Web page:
Citizenship Under CAA: India’s Approach to Complexities of Asylum

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Asylum is an internationally recognized status that shields an individual’s life, granting access to certain social privileges, such as aid and health facilities. Globally, the question of asylum seekers has been at the forefront of policy debates, exploring whether they should be granted formal citizenship after spending a specific time span in a particular country, given the fact that the number of stateless people has drastically increased in past fifty years. Ultimately, the grant of formal citizenship to an asylum seeker is a sovereign right of a country and cannot be enforced by global bodies. For instance, in European countries, asylum seekers or refugees are not seamlessly integrated into society; instead, they are subject to restrictions imposed by law on their movement and daily activities. European states argue that granting formal citizenship to refugees and asylum seekers could bring demographic changes, turning the natives into a minority, and could lead to increased competition over resources and jobs, potentially disrupting societal balance.”

In India, the question of granting citizenship to refugees from Myanmar, Sri Lanka, Bangladesh, Afghanistan, and Pakistan has been debated in policy circles, academia, and parliament. In the 1970s and 80s, Bangladeshi asylum seekers posed a demographic imbalance threat in Assam and Bengal. Today, refugees from Myanmar in India are considered an existential threat and potential conduits for terrorism and instability. Over several years, refugees from Pakistan and Afghanistan have sought permanent citizenship in India, indicating active political and policy engagement to address refugee issues, including amending citizenship laws. The extension of citizenship to Sri Lankan Tamils, Ugandan refugees, or the implementation of NRC in Assam represents earlier moves for formal inclusion and distinction between citizens and illegal immigrants. It is important to highlight that the Indian government has responded to these pressing issues, addressing distinct challenges with a targeted approach. When confronted with the issue of Sri Lankan refugees, the legislature adopted measures specifically to address their concerns, with legal provisions designed exclusively for refugees originating from Sri Lanka. This demonstrates a nuanced and focused strategy in addressing regional challenges. The 2019 Citizenship Amendment Act (CAA) was enacted to address religious persecution against minorities in the adjoining countries of Afghanistan, Bangladesh, and Pakistan.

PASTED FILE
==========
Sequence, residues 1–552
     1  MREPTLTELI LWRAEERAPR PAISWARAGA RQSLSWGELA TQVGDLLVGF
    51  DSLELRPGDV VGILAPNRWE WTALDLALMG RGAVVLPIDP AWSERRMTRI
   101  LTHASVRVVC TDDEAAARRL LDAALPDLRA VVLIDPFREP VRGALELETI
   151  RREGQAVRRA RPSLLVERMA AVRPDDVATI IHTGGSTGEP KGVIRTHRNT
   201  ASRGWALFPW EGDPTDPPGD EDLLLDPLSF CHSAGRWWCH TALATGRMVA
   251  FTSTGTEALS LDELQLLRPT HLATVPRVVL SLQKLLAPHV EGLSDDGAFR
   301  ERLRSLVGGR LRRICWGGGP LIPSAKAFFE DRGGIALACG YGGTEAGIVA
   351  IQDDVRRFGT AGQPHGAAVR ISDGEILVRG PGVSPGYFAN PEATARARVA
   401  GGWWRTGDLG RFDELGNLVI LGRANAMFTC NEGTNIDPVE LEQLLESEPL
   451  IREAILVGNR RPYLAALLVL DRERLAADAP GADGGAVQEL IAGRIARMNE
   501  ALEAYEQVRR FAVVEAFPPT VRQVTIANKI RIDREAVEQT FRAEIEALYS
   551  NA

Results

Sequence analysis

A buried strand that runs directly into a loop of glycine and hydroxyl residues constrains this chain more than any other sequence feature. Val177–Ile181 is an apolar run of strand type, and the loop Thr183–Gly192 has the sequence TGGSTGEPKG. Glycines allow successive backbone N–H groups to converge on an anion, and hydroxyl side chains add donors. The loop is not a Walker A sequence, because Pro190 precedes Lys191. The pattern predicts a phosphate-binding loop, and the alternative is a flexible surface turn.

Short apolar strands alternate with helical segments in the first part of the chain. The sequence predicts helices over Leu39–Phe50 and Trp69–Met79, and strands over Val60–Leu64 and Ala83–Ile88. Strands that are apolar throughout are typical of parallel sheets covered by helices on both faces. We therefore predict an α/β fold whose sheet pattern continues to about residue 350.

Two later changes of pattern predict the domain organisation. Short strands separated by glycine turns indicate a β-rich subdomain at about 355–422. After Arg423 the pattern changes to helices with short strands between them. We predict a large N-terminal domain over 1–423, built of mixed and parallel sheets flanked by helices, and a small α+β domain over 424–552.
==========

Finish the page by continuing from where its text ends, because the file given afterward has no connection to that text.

The exploration of the constitutions of Afghanistan (Art 2), Bangladesh (Ar-2(a)), and Pakistan (Art 2) states that Islam is the religion of these republics, justifying their laws based on its scriptures. These laws favor their Muslim citizens, leaving minorities like Sikhs, Buddhists, Hindus, Parsis, etc., vulnerable to interpretations of law against their interests. This threat to their existence forces them to flee these countries, seeking asylum in India. For example, Delhi is home to a substantial Sikh population, with over 21 thousand Sikhs having migrated from Afghanistan. The most challenging aspect has been the political instability in Afghanistan and Pakistan, compelling people to migrate. In 1971, India accepted Bangladeshi refugees on humanitarian grounds; however, granting them citizenship might have triggered something unprecedented. Now, times have changed, and the population has increased manifold with an increase in their needs that the government has to fulfill. Since 1947, successive governments, irrespective of political affiliations, have granted citizenship to Sri Lankan citizens at various junctures. Approximately 4,61,000 individuals were conferred citizenship, with 2,16,000 refugees returning to Sri Lanka after 1983, while 95,000 continue to reside here. It is essential to note that similar citizenship provisions were not extended to individuals from Bangladesh or Pakistan.

This contextualizes the India’s decision to extend citizenship to persecuted minorities from these countries, taking a moral stance. It is also an upright decision to address the question of minorities in the neighbouring countries. Since India is emerging as a civilizational nation, it is taking a moral responsibility to look after the rights of denominations that recognize themselves with Hinduism. Taking a cue from the Gandhian approach to the question of Hindus and Sikhs living in Pakistan, in which he emphasized that ‘if they don’t wish to stay there, they should unquestionably return to India. He asserted that it is the duty of the Indian Government not only to welcome them but also to provide employment, voting rights, and ensure their happiness. Gandhi specifically mentioned Hindus and Sikhs in this context.

-Altaf Mir PhD Scholar Jamia Millia Islamia

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